When Kayla White was born with hydrops fetalis she became the first child in Aotearoa to survive the rare lung condition for some ten years.
Now aged ten, Kayla has already clocked up 16 surgeries.
The chronic lung disease has at times filled her whole chest cavity with fluid, and delayed her growth.
The Nelson child also has emphysema, has narrow airways and gets air-trapping in her lungs. She struggles to keep weight on, has been tube fed over the years and is treated with steroids and takes two different inhalers.
Due to her health condition, Kayla, her brother Lukas, 8, and mum, Angela are among those still in isolation.
“I am very nervous about us getting back out there again,” says Angela.
“We just have to be so very weary of respiratory bugs and mindful of people who are sick.”
The Nelson family have been in noho rāhui / lockdown since March 18, after Angela received a phone call from the children’s principal notifying them of a respiratory bug at school.
A friend has helped deliver groceries to the family, who have been staying occupied by walking and watching movies together.
“I was planning on sending them back this week but the 100 number limit makes me nervous. If people are congregating in groups of 100, we don’t know where they have come from or who they have been in contact with and that makes me nervous.”
Angela says Kayla knows what is going on, and although she wants nothing more than to get back to school, she does understand why she is home a little longer.
While isolation has been really tough on the family, with both children missing their friends, staying at home has had a great impact on Kayla’s health, who normally catches most winter bugs.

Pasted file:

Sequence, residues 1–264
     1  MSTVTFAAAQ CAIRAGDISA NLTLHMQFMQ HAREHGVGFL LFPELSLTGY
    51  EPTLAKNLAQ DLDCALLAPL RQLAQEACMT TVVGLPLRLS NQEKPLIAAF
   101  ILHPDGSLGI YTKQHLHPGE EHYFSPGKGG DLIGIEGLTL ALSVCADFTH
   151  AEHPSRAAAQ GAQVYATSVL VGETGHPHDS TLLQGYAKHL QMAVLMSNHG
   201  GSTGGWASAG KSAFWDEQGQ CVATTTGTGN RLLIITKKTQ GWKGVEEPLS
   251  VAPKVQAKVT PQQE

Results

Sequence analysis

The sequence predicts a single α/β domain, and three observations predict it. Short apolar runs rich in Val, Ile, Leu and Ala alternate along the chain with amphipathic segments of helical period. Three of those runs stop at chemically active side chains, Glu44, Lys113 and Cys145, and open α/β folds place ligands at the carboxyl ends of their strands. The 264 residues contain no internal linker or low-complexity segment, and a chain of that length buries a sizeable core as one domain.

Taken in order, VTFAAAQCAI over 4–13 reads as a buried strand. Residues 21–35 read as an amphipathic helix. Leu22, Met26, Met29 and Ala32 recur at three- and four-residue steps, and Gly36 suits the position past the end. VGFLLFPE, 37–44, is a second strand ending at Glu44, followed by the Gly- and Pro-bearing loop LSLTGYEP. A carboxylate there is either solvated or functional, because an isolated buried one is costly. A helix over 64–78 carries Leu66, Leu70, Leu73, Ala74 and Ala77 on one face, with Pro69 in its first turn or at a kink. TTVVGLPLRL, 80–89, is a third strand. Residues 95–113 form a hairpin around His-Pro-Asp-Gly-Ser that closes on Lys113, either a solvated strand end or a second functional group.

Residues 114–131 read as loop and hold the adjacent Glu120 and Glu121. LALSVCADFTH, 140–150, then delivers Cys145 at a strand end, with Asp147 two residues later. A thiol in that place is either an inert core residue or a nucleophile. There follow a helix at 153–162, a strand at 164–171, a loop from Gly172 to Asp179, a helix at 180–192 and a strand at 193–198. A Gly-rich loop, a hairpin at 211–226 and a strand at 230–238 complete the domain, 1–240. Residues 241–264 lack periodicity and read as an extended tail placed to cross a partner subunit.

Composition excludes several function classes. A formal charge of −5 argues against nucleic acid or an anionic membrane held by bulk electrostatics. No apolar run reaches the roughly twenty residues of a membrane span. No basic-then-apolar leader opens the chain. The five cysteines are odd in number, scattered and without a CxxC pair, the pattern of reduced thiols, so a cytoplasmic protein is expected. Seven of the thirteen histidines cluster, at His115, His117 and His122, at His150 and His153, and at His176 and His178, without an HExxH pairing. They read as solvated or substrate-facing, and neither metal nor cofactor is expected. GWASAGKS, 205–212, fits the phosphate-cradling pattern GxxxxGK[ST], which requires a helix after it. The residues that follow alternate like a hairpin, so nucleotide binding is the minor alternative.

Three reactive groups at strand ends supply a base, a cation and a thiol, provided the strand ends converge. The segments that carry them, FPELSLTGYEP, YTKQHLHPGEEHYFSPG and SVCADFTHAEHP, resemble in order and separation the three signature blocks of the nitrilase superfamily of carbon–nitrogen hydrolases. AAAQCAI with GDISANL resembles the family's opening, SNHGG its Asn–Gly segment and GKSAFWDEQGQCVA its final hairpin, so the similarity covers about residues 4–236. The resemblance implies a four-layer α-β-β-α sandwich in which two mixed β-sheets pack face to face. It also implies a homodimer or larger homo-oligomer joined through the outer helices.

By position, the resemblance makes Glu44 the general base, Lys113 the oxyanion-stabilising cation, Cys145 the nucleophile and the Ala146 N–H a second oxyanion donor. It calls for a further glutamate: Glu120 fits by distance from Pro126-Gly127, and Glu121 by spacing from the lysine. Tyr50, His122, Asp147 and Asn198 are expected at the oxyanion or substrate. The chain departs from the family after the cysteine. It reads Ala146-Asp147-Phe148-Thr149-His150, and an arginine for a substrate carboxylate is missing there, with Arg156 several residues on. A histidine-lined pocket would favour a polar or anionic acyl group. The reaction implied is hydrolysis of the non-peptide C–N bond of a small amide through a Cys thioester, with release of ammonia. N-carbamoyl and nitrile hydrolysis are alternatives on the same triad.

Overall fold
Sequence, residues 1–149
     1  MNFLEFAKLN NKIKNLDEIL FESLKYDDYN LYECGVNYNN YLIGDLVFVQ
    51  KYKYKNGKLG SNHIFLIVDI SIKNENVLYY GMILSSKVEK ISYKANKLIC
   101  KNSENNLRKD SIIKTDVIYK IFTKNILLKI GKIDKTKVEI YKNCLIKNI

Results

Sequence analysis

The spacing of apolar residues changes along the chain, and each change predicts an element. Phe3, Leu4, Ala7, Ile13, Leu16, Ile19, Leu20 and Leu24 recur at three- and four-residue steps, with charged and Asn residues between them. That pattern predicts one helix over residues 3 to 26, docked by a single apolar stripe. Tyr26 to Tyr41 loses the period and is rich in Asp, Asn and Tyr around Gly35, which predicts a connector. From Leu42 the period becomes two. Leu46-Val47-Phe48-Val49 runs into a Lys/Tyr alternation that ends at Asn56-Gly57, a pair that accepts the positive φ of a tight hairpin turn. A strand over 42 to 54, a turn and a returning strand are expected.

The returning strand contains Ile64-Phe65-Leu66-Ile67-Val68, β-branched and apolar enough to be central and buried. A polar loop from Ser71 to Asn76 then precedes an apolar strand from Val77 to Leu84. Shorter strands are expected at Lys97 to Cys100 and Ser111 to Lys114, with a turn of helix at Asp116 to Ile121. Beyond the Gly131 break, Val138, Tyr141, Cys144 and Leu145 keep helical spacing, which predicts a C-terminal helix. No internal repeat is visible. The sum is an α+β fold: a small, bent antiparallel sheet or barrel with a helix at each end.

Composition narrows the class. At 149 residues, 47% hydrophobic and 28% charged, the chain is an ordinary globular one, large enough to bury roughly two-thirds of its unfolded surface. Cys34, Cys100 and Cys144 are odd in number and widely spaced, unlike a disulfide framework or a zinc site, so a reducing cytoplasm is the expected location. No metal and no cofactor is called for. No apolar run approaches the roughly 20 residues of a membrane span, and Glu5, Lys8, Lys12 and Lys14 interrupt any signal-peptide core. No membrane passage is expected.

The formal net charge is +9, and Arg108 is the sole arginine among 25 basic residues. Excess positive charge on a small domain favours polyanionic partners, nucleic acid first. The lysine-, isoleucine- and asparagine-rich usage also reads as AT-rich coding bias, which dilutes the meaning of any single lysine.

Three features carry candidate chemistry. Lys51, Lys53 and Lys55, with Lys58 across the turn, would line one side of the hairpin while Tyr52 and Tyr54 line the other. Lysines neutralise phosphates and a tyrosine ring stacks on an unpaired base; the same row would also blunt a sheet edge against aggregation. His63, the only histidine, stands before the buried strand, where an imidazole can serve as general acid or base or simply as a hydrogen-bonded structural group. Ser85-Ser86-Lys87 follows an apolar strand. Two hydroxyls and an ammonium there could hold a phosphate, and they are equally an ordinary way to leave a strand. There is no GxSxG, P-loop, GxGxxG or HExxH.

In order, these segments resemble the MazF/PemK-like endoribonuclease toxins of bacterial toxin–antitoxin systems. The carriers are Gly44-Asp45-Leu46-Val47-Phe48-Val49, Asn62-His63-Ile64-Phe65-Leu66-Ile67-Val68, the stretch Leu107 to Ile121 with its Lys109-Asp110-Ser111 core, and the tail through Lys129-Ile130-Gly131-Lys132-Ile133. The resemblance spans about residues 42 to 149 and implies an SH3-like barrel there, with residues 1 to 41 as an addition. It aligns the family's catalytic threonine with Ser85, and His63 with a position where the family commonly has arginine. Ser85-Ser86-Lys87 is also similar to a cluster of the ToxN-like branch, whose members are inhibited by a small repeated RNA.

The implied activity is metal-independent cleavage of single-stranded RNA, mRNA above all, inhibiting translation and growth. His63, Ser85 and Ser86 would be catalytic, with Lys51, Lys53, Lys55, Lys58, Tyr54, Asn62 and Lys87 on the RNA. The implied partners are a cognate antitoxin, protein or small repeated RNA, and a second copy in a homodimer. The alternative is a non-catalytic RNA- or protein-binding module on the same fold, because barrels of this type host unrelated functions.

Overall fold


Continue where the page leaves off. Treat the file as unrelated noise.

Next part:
“She hasn’t had another chest infections, which is a first. And she is looking healthier,” says Angela.
When it does get too much for the children, Angela, a solo parent, tries to take their worries away.
“I’ve just said don’t worry about it. Give me all your worries. Bundle them up and throw them at me.”
As the rest of the country goes back to work, school and out into the world once more, Angela wants people to remember those still stuck at home and consider the needs of our immunocompromised and vulnerable.
“Treasure this time and enjoy it but think about these other people and kids still at home – and do the right thing. Be mindful. Keep the distancing going. Don’t go to work if you are sick. Any respiratory bug could be fatal for our kids, so when you’re sick, stay home.”
“Until people have walked in my shoes for the past ten weeks and ten years, you will never know just how terrifying these bugs can be.”
Angela says they have been really well supported by the school and her kid’s teachers.
“The school has been amazing. Kayla’s teacher has been dropping things in our letterbox.”
It is a kind gesture that has meant the world to the family.
“My every day normality has gone too,” says Angela.
“My message to everyone is to think about the kids still at home and keep in touch.”
The summer season is a great chance to remember that even when times are tough, it's the simple things that bring us joy, and see us through – ahakoa he iti, he pounamu. View Article.
Our current situation is affecting us all in different ways. For those of us that are already managing mental distress or illness, this can be an even heavier load to bear. View Article.